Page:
" 'Quite fun, actually'?" Artemisa laughed, "You danced every set! You are on your way to being the most popular partner of the season! If I didn't know you as well as I do, I would be jealous! You don't have to talk to them much, dancing, do you?" Artemisa knew her well, indeed.
Lucrezia sighed. "I truly cannot imagine spending my life with any of them. If I had property, or an income, I would not marry." This last she said fiercely, with another nod of her head.
It was Artemisa's turn to sigh. "Well, you don't. Sometimes I don't relish the idea of marriage, either. But it is a better alternative than living out my life in my parent's house." She brightened. "But meanwhile, this is fun. Oh, there are your parents!" She gestured through a door, into the card room.
There, indeed, were her parents. In fact, her father was hard to miss; he was tall and angular; white-haired and tremendously jolly. The perfect foil to her mother, who was small and rounded, with rosy cheeks, glossy brown curls, and a soft manner that instantly made anyone feel at home. Together, they looked like a Stork and a Meadow Thrush. They were deep in conversation with a man she did not recognize.
Lucrezia studied him from the doorway; there couldn't be anyone here that she didn't know. He was tall, and his face was somewhat swarthy, with a heavy brow. He had black hair tied neatly at the nape of his neck. He was elegantly, if plainly, dressed in finely cut black silk. His looks seemed slightly familiar to her; yet she still had no idea of his name.
"Artemisa, do you know that man talking to my parents?"
Artemisa looked thoughtful for a moment. "I'm not sure, but I think that he is Romanus Black; Aunt said he had just arrived in town yesterday." Artemisa frowned. "I am quite surprised to see him at a ball; Aunt said he has been out of the country for five years. Surely he can't be settled in enough to go out."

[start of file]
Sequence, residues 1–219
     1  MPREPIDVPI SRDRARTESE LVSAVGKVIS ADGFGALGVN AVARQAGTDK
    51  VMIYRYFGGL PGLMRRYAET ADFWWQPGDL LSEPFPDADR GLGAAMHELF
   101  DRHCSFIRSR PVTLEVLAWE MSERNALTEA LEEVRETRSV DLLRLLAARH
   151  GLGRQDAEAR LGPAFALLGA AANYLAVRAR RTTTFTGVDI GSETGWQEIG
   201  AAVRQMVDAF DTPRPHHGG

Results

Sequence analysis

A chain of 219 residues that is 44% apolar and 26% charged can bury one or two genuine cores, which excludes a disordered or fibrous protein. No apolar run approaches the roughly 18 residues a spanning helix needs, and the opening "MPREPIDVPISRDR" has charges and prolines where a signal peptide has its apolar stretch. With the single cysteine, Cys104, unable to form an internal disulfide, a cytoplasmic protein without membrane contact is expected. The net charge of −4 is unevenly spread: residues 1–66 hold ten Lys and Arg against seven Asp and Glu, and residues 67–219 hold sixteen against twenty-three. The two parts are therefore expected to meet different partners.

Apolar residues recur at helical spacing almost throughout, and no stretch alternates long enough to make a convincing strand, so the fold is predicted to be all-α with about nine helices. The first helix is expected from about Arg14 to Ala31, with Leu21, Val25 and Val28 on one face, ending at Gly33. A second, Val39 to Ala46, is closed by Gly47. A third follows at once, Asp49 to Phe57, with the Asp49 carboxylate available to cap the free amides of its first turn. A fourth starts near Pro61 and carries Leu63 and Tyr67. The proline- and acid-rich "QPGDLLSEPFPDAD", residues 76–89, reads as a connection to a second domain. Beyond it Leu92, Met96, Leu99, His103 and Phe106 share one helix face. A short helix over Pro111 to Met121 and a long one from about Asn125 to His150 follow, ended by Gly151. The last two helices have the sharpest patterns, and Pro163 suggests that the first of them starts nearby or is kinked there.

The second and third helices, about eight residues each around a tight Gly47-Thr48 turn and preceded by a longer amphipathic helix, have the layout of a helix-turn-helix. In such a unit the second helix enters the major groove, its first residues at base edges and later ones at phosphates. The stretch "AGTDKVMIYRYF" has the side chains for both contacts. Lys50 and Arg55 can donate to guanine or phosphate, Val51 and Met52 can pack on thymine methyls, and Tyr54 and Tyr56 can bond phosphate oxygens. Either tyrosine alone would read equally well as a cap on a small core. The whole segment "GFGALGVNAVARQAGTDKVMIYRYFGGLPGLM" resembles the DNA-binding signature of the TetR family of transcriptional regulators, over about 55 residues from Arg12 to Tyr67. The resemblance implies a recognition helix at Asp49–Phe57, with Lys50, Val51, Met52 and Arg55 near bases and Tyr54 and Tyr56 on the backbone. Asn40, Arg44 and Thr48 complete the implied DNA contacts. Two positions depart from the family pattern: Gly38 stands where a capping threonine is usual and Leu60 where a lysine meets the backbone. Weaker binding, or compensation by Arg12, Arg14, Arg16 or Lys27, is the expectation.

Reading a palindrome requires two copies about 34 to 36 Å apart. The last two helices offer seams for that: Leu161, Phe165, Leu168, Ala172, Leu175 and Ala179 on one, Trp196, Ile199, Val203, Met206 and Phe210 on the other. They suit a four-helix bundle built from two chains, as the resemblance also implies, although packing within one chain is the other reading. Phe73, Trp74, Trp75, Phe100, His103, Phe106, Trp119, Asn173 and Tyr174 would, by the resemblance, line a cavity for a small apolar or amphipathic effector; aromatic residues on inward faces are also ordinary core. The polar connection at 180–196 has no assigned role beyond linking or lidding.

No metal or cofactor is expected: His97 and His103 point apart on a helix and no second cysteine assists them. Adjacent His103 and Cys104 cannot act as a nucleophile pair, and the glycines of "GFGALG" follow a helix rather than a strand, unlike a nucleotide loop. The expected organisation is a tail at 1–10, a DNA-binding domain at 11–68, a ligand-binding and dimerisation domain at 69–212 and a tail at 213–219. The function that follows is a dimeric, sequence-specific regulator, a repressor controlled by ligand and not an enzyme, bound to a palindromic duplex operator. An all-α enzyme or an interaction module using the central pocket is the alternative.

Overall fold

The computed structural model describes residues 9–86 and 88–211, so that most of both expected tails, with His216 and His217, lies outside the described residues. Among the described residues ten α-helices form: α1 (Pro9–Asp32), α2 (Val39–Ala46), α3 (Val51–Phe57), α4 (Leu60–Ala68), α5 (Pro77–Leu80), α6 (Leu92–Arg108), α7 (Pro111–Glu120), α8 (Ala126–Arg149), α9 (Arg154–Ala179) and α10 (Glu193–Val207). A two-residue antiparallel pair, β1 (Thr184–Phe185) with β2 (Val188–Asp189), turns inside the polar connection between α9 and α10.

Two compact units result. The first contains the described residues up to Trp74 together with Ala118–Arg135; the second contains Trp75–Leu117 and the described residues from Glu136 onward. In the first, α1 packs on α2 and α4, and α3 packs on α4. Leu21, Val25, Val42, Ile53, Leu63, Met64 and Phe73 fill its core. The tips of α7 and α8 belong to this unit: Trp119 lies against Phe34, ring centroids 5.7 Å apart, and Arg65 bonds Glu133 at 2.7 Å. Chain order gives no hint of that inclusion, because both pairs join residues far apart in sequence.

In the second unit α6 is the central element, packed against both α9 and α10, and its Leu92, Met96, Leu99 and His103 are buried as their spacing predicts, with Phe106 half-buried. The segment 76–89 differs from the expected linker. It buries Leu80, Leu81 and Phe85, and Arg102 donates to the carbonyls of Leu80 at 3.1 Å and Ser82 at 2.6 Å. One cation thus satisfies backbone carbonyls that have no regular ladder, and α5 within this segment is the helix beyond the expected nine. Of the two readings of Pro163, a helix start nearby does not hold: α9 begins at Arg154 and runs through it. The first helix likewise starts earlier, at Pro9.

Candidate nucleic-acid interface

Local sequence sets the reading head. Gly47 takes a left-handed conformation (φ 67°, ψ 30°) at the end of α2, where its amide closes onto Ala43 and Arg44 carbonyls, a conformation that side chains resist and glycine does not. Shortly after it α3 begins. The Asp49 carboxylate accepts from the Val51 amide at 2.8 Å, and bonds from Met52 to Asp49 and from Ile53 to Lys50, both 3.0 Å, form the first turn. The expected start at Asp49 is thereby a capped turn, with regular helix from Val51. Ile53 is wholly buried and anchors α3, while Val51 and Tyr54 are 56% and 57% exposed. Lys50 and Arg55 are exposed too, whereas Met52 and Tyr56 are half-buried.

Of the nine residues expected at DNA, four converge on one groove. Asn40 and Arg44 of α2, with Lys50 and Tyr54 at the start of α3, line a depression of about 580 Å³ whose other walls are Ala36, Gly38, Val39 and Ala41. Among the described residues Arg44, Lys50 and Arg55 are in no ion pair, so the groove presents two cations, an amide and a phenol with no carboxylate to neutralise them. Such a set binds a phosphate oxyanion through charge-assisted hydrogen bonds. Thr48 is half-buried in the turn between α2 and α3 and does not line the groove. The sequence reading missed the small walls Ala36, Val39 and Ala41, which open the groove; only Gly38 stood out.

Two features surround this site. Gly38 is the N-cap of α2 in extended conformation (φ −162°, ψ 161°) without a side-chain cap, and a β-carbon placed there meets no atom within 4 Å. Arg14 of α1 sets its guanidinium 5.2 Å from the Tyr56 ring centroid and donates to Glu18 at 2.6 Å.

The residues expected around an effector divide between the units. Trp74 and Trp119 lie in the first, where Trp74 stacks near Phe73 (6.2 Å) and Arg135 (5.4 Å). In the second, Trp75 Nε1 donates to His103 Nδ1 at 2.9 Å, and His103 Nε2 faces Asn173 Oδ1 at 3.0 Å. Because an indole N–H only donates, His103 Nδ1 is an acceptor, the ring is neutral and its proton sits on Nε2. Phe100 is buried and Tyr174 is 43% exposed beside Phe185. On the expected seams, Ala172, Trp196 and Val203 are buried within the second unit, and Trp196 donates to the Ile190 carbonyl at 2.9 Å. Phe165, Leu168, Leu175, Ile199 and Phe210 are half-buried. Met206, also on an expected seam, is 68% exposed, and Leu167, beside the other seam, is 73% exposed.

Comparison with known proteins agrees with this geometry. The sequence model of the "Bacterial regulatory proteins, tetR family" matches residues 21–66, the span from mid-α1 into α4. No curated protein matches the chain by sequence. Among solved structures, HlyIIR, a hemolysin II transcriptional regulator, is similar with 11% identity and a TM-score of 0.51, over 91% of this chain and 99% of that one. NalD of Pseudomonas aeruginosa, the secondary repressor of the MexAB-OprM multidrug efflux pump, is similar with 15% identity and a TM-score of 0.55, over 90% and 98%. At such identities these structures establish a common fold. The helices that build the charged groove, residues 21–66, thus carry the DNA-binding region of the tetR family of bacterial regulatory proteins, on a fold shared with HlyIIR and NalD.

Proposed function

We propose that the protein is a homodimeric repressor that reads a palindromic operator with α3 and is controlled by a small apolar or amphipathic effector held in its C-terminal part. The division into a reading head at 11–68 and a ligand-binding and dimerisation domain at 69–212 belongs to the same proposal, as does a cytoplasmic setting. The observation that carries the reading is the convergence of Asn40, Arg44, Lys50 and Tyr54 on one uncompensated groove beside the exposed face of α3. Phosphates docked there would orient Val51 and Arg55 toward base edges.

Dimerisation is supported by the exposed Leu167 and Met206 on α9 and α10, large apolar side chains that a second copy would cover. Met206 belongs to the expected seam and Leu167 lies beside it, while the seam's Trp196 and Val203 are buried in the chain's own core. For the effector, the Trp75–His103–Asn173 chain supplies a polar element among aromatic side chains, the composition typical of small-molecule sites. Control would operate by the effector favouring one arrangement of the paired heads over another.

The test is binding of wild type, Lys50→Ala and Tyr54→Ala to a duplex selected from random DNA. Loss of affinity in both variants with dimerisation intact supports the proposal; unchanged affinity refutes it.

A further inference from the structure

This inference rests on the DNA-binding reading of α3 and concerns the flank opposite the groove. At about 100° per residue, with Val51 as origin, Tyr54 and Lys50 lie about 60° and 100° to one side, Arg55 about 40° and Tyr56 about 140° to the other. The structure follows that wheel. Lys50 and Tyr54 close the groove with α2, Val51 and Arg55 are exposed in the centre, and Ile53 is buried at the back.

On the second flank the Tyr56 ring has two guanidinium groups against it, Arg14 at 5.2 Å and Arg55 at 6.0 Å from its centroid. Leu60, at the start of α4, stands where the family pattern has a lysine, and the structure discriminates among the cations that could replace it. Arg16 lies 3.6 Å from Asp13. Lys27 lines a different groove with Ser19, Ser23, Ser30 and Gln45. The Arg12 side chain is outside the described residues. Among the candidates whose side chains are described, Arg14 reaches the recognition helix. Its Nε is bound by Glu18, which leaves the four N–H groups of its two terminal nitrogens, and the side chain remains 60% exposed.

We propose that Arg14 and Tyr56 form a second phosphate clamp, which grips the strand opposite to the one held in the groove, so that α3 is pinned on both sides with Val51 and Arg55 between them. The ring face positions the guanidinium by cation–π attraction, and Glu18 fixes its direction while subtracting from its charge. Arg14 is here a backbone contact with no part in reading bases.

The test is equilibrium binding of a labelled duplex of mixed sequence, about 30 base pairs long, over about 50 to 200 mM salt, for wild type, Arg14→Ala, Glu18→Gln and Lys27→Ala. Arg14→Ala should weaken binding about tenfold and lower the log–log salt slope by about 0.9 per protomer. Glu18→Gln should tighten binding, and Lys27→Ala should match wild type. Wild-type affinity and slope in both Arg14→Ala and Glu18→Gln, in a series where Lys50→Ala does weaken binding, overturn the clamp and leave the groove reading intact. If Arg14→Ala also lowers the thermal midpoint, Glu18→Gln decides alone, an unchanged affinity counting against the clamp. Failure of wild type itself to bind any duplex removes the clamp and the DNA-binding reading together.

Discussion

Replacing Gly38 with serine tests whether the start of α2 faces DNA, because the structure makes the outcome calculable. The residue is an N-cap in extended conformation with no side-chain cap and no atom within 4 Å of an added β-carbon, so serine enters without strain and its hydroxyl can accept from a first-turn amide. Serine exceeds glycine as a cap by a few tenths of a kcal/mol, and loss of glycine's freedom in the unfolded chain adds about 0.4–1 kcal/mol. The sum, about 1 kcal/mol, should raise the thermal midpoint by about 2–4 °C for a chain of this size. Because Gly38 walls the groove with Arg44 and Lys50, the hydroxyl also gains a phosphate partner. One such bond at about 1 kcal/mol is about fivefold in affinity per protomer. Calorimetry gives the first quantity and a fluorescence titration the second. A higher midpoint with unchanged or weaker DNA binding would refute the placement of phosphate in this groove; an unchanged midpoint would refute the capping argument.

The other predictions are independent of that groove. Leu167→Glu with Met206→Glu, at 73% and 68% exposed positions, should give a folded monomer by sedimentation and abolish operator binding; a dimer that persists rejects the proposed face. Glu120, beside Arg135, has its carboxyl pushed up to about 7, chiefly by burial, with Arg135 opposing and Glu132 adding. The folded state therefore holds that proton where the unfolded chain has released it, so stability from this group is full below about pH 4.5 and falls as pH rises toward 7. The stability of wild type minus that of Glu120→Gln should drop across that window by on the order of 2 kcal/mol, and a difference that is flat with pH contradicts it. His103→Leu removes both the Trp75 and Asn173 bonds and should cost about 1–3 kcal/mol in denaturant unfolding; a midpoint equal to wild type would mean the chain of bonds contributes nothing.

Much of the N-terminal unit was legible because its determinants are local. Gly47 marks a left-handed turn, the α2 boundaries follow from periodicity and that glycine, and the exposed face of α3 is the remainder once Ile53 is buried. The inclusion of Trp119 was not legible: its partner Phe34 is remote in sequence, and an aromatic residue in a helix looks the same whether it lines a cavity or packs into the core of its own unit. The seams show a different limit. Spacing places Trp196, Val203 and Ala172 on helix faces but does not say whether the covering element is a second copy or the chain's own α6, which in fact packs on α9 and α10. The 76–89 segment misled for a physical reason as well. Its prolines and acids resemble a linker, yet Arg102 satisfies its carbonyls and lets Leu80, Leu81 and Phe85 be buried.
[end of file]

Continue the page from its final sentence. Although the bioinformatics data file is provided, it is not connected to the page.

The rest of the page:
Lucrezia goggled at her as they crossed the room. "How do you hear all these things? Do you listen at the keyhole when your aunt visits?"
Artemisa shrugged. "No, my aunt Hortensia does not scruple about what she says about anyone. I have but to sit and listen." She smiled as they reached Lucrezia's parents
"Lucrezia! Miss Malfoy!" said her father, his blue eyes twinkling, "This is Mr. Romanus Black! His father was a great friend of my father's."
Both girls curtsied. "A pleasure to meet you, Mr. Black," they chorused.
He made a small bow. "It cannot exceed my pleasure in meeting you, Miss Gaunt, Miss Malfoy. Are you enjoying the ball?"
"Yes, thank you, very much so." Lucrezia barely kept from sighing. She was really too tired to dissemble. She noticed he seemed to be staring at her locket.
"We have certainly never seen it's like," Artemisa could always think of something charming to say. "Oh, there are my parents! If you would all excuse me, I think it is time for me to go home." She dropped another elegant curtsy. "It was lovely to meet you, Mr. Black. Good night, Mr. Gaunt, Mrs. Gaunt." She kissed Lucrezia on the cheek. " I will see you tomorrow, perhaps? Goodnight, Lucrezia."
"Goodnight, Artemisa." Lucrezia took her friend's hand and squeezed it, turning back to her parents and Mr. Black as Artemisa left.
"Mr. Black was telling us he has just arrived in town." Lucrezia's mother smiled warmly at them all.
"Yes, yesterday afternoon. I've barely settled in." He was still staring at her locket. It was unsettling.
"Oh, Mr. Black, you must come round to dinner." Said her mother. "Your house here has been closed up for so long that it will be days and days before you will get a decent meal out of your kitchen." To Mother, a decent dinner was the most important part of the day.
"I shall come to dinner as soon as you wish." Mr. Black had finally lifted his gaze from the locket to address her mother.
"Then you shall come tomorrow. I'll send a card with the time, and directions to our house." Mother was delighted. She couldn't bear to the thought of anyone of their acquaintance eating a wretched meal alone.
Lucrezia them prevailed upon her parents to leave, as she was quite worn out from all the excitement and dancing. They made their goodbyes with Mr. Black. As they left the card room, Lucrezia had a strange feeling, as if someone was watching her. She turned and found Mr. Black staring after her; his look was quite unsettling, as if he were considering purchasing her. She hurried after her parents, but could not rid herself of the unease meeting Romanus Black had given her.